ON INJURY TO CREWMAN AT DAYTONA: "It is really disappointing, Josh (Yost, team jackman who suffered an ankle injury) worked his butt off to get back, He has a long road to get back, it wasn't one of those overnight things, he really had to work hard to get back. Then to blow out his other one, is hugely disappointing. He is pretty down about it, but he has been through it before so he is smart about it. He'll fight it and he'll do everything he can to get back."
ON MARK MARTIN'S LEGACY TO THE SPORT: "For me it is about a level of professionalism and respect he has brought to the sport. He has been a mentor, not so much in what he says, but what he does, to a lot of young drivers. He is respectful, drives with respect, race hard, race smart, race people the way you would like to be raced. And he brings a level of intensity. I worked with Mark for a long time, every race he goes to, he is really wound up about it and agonizes when things don't go well and is a true racer, there is no question about it. He is trying his best to do it the right way, there are not many people if you asked if Mark ever made them mad, there would not be many in the garage who said he had."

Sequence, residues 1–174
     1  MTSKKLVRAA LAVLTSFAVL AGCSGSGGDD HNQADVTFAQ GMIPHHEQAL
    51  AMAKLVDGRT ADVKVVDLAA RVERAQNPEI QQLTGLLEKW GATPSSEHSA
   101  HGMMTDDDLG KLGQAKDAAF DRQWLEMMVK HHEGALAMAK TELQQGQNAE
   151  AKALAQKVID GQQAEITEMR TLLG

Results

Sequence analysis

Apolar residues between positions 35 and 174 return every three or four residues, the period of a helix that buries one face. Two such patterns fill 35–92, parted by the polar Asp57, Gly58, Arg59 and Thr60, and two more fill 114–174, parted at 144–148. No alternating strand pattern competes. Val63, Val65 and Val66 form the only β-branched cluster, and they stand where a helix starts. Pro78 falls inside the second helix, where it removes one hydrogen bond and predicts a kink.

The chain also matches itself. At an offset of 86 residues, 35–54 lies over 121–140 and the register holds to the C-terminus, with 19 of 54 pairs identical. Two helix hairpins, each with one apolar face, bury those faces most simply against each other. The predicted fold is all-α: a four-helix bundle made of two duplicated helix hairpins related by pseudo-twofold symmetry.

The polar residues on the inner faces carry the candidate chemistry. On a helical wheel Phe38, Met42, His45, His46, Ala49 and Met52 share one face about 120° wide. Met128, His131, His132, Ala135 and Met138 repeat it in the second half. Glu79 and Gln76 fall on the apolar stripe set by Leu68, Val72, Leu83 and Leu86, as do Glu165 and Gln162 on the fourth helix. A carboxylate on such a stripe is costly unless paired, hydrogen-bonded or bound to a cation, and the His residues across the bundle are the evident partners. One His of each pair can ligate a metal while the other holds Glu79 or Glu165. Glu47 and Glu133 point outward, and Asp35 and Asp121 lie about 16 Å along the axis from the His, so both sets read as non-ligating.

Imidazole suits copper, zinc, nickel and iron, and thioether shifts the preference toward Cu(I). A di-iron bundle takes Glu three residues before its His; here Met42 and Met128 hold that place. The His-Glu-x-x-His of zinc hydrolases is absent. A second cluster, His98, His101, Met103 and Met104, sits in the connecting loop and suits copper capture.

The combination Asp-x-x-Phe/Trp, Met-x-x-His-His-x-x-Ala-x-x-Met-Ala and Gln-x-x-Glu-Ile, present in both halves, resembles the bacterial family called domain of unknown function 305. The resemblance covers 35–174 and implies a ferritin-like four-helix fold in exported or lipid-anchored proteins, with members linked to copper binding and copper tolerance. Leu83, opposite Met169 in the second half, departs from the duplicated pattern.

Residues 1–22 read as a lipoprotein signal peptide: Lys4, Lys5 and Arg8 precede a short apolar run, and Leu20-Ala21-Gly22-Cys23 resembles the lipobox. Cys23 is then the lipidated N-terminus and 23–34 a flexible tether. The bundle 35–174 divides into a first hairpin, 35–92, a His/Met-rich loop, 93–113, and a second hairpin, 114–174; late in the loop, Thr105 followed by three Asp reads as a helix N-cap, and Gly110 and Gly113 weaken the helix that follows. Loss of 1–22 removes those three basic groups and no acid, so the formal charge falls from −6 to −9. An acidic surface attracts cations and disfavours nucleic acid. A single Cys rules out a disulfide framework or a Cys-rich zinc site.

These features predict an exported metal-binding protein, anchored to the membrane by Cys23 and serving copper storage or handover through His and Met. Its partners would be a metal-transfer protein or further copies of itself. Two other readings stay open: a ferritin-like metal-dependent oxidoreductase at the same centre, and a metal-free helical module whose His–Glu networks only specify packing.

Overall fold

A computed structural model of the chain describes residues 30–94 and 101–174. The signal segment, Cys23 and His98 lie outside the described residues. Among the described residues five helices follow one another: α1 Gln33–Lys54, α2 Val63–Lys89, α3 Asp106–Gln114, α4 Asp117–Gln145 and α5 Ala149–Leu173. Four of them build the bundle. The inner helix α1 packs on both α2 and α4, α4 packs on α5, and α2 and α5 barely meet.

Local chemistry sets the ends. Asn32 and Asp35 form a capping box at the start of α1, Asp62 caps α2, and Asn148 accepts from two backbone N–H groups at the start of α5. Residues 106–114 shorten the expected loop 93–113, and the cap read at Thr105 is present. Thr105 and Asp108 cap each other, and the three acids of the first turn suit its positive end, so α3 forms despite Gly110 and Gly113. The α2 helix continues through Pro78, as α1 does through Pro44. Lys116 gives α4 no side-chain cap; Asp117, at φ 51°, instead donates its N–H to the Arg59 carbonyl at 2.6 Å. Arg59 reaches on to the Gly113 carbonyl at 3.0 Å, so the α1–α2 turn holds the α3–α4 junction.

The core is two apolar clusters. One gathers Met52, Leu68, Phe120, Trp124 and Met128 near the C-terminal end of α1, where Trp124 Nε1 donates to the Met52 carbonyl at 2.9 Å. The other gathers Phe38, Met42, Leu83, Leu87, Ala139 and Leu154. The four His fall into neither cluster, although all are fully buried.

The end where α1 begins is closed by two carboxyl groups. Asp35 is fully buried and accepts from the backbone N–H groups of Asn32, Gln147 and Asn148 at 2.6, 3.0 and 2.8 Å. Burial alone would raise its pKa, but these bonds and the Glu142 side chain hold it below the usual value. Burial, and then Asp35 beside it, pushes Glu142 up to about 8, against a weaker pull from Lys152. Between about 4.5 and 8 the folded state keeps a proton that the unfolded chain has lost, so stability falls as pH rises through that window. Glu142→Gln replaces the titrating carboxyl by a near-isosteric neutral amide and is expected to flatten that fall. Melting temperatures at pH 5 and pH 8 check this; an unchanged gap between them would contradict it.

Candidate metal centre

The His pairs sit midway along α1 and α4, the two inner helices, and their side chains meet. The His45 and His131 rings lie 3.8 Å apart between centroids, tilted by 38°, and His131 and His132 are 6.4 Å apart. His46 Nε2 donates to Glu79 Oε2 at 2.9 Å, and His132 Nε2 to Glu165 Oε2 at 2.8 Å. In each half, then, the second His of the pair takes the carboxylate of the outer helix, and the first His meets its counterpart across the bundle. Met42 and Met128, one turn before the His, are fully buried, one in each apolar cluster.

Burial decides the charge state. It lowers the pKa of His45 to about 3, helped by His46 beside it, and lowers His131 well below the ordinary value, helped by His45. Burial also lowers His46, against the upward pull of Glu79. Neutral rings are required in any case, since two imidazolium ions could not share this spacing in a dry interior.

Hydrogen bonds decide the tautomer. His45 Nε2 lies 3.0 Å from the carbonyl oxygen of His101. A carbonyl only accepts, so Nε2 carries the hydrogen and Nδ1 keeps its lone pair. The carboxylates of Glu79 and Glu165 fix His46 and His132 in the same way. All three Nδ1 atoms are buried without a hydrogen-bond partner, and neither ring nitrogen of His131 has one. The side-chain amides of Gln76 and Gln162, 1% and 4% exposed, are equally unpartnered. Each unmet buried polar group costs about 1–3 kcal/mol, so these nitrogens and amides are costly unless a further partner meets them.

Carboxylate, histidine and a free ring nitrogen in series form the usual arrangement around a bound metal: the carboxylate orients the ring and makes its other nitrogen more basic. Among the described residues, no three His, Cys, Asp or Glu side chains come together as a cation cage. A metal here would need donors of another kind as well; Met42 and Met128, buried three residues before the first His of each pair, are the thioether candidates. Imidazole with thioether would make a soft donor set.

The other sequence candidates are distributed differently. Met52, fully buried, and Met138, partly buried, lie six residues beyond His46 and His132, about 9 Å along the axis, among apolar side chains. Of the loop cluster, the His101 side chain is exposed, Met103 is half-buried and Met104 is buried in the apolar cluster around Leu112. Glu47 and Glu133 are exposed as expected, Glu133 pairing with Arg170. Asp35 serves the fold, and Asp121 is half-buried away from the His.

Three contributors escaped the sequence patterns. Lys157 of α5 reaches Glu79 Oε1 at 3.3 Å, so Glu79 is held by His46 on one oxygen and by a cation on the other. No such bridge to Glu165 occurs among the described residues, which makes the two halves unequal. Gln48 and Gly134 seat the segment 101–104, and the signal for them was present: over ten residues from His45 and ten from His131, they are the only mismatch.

ON UPCOMING CAR OF TOMORROW TEST: "Every team needs to evaluate where they are compared to the competition. You can test all you want by yourself, but until you get out in competition, you really don't know what you have going on. An evaluation of where you are on your speed compared to other people is really what we are going to take out of it. There are certainly some issues with the COT that are going to come up - reliability and things we don't know about, but the main thing we want to take out of there is we want to be able to see where we are from a speed standpoint compared to our competition. We can't win races if we aren't faster than they are. We can't compete at a high level unless we can't at least run with them. So we have to go there to evaluate where we are, see what we need to improve and not worry about what we have done well. Worry about what we haven't done well and try to improve on it."